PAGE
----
Discuss supplementation with your medical provider, who may suggest 45 – 150 micrograms of K2 in the form of mk-7 per day to increase bone strength. Use caution when supplementing with Vitamin K if you are taking anticoagulant medications.  The risks and benefits will be discussed by your medical provider.

Studies have shown that postmenopausal women with osteoporosis who supplemented with Vitamin K2 achieved significant improvement in bone mineral density and reduction in the overall risk of fractures.

5. Omega-3 Fatty Acids 

Omega-3 fatty acids have anti-inflammatory properties that can help reduce inflammation in the body.  Inflammation is commonly involved with many spinal conditions, such as spinal arthritis, disc degeneration, and acute injuries.

Get your omega-3 fatty acids in foods like salmon, nuts, oils and yogurt. Omega-3s have been associated with protecting the body from stroke, controlling rheumatoid arthritis, and helping with a wide variety of brain and body functions.

What other foods are important for bone health?

In addition to seeking out the foods mentioned above, targeting certain food groups can be helpful in maintaining a healthy spine. Try creating a weekly meal plan to ensure you are incorporating all of these each day:

1. Fruits and vegetables

Fruits and vegetables are rich in antioxidants, which help combat oxidative stress in the body, which can contribute to tissue damage and inflammation. A diet high in antioxidants may help reduce inflammation in the spine and promote overall spinal health.

2. Whole Grains

Grains are key sources of vitamins and minerals, high in fiber, and studies show they are linked to lower risk of heart disease, diabetes, cancer and many other issues in addition to benefiting spine health! Try whole oats, whole grain bread, quinoa and more next time you go shopping.

3. Leafy Greens

Leafy greens have countless benefits, offering tons of Vitamin K and positively affecting  inflammation, osteoporosis, and degenerative disc disease. Think spinach, kale, cabbage and other similar produce items.

4. Protein 

Proteins are the building blocks of muscles, ligaments, and other soft tissues surrounding the spine. Adequate protein intake supports muscle strength and repair, which is important for maintaining proper posture and supporting the spine’s structure. 

There are ongoing debates about the effects of animal protein on bone health, which can have both positive and negative effects.  It appears that it is the calcium balance that is important, and will be based on each individual’s dietary habits.  Incorporating a variety of protein sources into your diet is a good option.

Many plants provide proteins and are also an excellent source of vitamins, minerals, fibers, and antioxidants that are essential to bones. For optimal bone health, add variety to your diet by intermixing nutritious plant-based proteins (beans, legumes, nuts, seeds, natural soy) with high-quality animal proteins (eggs, salmon, lean meats). This will ensure you get all the valuable nutrients needed to build a strong body.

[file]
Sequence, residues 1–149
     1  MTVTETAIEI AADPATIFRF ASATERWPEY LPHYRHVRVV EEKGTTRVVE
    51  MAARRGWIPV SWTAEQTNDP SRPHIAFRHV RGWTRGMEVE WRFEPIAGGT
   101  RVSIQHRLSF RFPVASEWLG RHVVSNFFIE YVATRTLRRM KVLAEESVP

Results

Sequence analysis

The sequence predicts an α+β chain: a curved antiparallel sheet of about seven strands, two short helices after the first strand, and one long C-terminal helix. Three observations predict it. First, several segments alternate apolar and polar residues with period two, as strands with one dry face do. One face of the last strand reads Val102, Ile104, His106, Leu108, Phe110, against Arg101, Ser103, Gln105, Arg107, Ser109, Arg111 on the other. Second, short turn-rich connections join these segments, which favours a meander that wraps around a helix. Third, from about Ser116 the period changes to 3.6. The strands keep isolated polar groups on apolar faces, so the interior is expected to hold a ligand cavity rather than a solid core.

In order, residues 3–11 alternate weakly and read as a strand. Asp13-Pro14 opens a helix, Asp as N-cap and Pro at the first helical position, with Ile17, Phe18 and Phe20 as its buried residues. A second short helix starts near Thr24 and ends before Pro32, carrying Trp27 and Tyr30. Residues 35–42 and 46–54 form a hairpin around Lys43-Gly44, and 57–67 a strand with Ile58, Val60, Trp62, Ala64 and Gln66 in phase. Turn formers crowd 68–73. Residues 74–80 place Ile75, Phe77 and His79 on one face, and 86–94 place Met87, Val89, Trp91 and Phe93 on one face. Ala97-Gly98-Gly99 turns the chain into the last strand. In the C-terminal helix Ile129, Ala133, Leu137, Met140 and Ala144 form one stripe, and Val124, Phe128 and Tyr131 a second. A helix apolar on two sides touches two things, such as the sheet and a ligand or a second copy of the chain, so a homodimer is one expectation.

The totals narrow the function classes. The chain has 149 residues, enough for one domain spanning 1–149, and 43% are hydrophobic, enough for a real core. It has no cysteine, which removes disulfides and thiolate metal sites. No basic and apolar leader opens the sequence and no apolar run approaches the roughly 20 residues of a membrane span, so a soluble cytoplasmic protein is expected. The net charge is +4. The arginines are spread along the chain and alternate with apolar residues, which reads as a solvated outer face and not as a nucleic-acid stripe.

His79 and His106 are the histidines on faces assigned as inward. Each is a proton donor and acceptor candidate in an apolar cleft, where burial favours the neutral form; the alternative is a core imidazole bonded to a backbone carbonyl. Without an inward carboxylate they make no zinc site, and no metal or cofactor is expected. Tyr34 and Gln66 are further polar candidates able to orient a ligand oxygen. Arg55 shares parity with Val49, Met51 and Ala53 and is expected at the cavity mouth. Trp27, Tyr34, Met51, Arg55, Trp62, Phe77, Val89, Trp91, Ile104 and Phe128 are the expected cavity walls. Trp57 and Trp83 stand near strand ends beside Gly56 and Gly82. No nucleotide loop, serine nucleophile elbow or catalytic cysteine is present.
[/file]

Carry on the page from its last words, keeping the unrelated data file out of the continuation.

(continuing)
Supplementing with vitamins for bone health

Food is the best source of these nutrients, but supplemental vitamins and minerals can ensure the needs of the body are met when the diet does not provide them.

Supplementation may be especially necessary for:

  • individuals with specific dietary restrictions, food allergies, or decreased absorption of nutrients
  • the elderly
  • individuals who spend less than 20 minutes per day in direct sunlight
  • those with a spine or bone disease that is linked to nutritional status (e.g., osteoporosis).

Osteoporosis and diet

Osteoporosis is a medical condition characterized by the weakening of bones, which leads to a higher risk of bone fractures. It is sometimes called a “silent disease” because many people do not realize they have it until a fracture occurs, since there are no symptoms that prompt early evaluation.

Our diet plays a critical role in supporting our bones – especially when we’re young. It’s a common misconception that osteoporosis is only something to think about when you’re older. The human body adds calcium to our skeletons to achieve peak bone mass up until about 30 years of age; then, we start to lose calcium and break down bone at an increasing rate over time. Our bones eventually become weaker with age. 

Inadequate intake of calcium and Vitamin D leads to deficiencies in the vitamins and minerals necessary to strengthen bone. Getting enough of these nutrients when we are young helps to build up a “bank” for our bones to use in the future. Malnutrition is a risk factor for osteoporosis.

But if you’ve already reached your peak bone mass, or if you have been diagnosed with osteoporosis, this doesn’t mean there’s nothing you can do for your spine health!  It will always be beneficial to make the same kind of lifestyle changes that prevent osteoporosis in the first place. A nutrient-dense diet, and weight-bearing exercise can help prevent further bone loss and support the rebuilding of bones.

Water and spine health

Water is essential for transporting nutrients to your spinal tissues, including the discs, muscles, and nerves. Proper hydration ensures that essential nutrients reach these tissues.